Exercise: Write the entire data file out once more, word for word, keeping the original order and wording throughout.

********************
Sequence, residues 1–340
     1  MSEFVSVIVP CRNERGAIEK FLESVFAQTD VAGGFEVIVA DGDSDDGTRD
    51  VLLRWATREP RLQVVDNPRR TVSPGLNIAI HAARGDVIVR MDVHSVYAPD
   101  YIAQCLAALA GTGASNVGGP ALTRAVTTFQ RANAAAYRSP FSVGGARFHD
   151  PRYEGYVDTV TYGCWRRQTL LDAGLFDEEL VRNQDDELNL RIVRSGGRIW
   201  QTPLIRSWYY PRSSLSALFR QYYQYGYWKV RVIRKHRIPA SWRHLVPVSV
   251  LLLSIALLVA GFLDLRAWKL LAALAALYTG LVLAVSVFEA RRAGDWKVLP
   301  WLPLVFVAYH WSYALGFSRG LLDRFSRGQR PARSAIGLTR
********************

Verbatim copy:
Sequence, residues 1–340
     1  MSEFVSVIVP CRNERGAIEK FLESVFAQTD VAGGFEVIVA DGDSDDGTRD
    51  VLLRWATREP RLQVVDNPRR TVSPGLNIAI HAARGDVIVR MDVHSVYAPD
   101  YIAQCLAALA GTGASNVGGP ALTRAVTTFQ RANAAAYRSP FSVGGARFHD
   151  PRYEGYVDTV TYGCWRRQTL LDAGLFDEEL VRNQDDELNL RIVRSGGRIW
   201  QTPLIRSWYY PRSSLSALFR QYYQYGYWKV RVIRKHRIPA SWRHLVPVSV
   251  LLLSIALLVA GFLDLRAWKL LAALAALYTG LVLAVSVFEA RRAGDWKVLP
   301  WLPLVFVAYH WSYALGFSRG LLDRFSRGQR PARSAIGLTR